Great. Only 650 pages of this to go.
I kept on reading through the chicken with gunk on it, but soon surrendered to the in-flight movie. The problem wasn’t that The Story of a Life was too grim, however. On the contrary. There is so much life in these pages that I knew I needed to find somewhere I could get away from all distractions and immerse myself in them. Luckily, we had a vacation in Sicily coming up. I’d rented a house out in the countryside, and each day for the week we spent there, I’d rise before the rest of the family, go out to the terrace, plop down in a lounge chair, and read for two or three hours straight, soaking up the sunshine and Paustovsky’s luminous prose.
Konstantin Paustovsky was born in Moscow in 1892. The earliest scene in The Story of a Life takes place in 1901, and the American edition, comprising three of six parts of the original Russian version, follows Paustovsky from then to his arrival in a besieged Odessa in 1920, in the midst of the Russian Civil War. He witnesses Tsar Nicholas and all the ceremony and obsequy that accompanied him. He joins an ambulance team and experiences the horrendous casualties and conditions of the Eastern Front; he finds himself in Moscow at the time of the October revolution; he hides out in Kiev as the Germans, the White Russians, the Ukrainians, the Poles, and the Bolsheviks in turn fight for ownership of the city. He sees a village die in the space of a few days from smallpox, survives starvation, abandonment, and the loss of much of his family. For the simple merit of providing a first-hand account of one of the most tumultuous times of the 20th century The Story of a Life would at least be a notable book.
The remarkable thing about how Paustovsky tells his story, however, is that with all the events that history would record around him, his attention is inevitably drawn from the great to the small. Lenin speaks to the restless soldiers, but Paustovsky turns away to focus on the guardsman next to him, to examine the photo and imagine the people it shows. The guardsman soon tells him of the beautiful woman sitting next to him in the photo, his bride-to-be, who later died giving birth to his child. He finds himself in a backwater provincial town when, late one night, the news arrives of the abdication of the Tsar, and he shows how the fops and eccentrics he’d met in the days before gather, first confused, then inspired, transformed, eager to act, not yet ground down by the brutal disappointments to come. And wherever he goes, whatever happens, he tells us about the color of the leaves, the smell of the grass, the warmth of the sun, the sharp cold of the water, and the people around him.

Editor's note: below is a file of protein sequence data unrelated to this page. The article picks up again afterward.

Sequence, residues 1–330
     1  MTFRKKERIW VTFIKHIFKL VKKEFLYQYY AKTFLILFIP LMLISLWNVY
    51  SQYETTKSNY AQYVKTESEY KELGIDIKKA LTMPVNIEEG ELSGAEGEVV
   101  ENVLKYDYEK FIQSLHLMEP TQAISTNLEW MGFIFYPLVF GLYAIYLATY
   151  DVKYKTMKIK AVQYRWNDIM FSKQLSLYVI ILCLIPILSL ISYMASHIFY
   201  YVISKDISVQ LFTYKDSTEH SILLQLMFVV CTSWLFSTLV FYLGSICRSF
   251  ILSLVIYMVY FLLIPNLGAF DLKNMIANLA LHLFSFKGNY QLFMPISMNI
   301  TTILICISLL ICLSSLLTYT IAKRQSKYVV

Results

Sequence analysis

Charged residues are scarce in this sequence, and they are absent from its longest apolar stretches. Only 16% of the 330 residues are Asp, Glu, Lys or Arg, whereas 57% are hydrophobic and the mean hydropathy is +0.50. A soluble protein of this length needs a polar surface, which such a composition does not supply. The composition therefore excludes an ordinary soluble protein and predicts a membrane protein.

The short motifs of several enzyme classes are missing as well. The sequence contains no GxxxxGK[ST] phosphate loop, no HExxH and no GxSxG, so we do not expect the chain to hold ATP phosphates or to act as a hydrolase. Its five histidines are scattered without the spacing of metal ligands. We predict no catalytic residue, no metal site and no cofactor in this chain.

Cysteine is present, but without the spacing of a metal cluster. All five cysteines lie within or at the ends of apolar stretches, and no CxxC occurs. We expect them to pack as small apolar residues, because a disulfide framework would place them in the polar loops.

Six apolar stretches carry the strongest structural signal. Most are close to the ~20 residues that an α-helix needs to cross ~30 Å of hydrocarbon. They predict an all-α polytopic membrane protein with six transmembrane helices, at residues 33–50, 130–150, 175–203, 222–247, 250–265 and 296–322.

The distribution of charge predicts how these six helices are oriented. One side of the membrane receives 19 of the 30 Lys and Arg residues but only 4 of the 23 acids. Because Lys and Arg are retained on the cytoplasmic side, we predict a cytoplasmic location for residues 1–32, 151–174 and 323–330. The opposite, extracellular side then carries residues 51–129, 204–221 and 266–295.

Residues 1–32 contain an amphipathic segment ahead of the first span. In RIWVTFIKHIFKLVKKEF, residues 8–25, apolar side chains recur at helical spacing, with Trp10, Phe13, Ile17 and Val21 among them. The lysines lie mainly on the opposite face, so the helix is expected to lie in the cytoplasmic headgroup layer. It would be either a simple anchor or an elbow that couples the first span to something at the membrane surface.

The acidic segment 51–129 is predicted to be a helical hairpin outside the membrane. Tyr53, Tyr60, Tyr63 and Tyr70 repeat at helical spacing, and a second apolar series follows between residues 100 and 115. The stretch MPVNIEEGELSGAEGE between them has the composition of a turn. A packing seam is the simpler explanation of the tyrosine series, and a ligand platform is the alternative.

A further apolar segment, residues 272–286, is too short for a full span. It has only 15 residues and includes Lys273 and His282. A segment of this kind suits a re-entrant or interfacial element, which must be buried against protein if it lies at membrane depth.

And such people they are. Hundreds come and go in the course of the book, but for each one Paustovsky manages to provide some brief yet memorable sketch:
… [A] frequent visitor to Uncle Kolya’s was Staff Captain Ivanov, a very clean man with white hands, a meticulously pointed light beard, and a delicate voice. In typical bachelor fashion, Ivanov became a member of the family at Uncle Kolya’s. It was hard for him to spend an evening without dropping in to sit and talk. He blushed each time he took off his overcoat and unbelted his sword in the vestibule, and said that he had dropped in for a word or to get Uncle Kolya’s advice on some matter. Then of course he would sit there until the middle of the night.
As he travels, he comes across vestiges of a very ancient Russia that would soon disappear. There are the “old men of Mogilev”, a fabled cult of ascetic beggars who gathered each year from the corners of Russia to speak to each other in a secret tongue and pass on the sacred prayers and ways of seeking alms. A group of them wander into the funeral of a peasant boy:
They were all dressed in identical brown robes with wooden staffs, shining with age, in their hands. Their gray heads were raised. The beggars were looking up at the altar where there was a picture of the God Jehovah in a gray beard. He looked amazingly like these beggars. He had the same, sunken, threatening eyes in the same dry, dark face.
Or the handful of elderly monks he finds in the forests of the Ukraine, disoriented and frightened in the new secular world of the revolution:
“We really don’t know any longer,” the monk told me, “whether we should ring it or not. It’s dangerous. It seems there is some insult in it for those who are in power now. So we just ring it gently. A crow sometimes sits of the bell and he doesn’t even fly away when we ring it so softly.”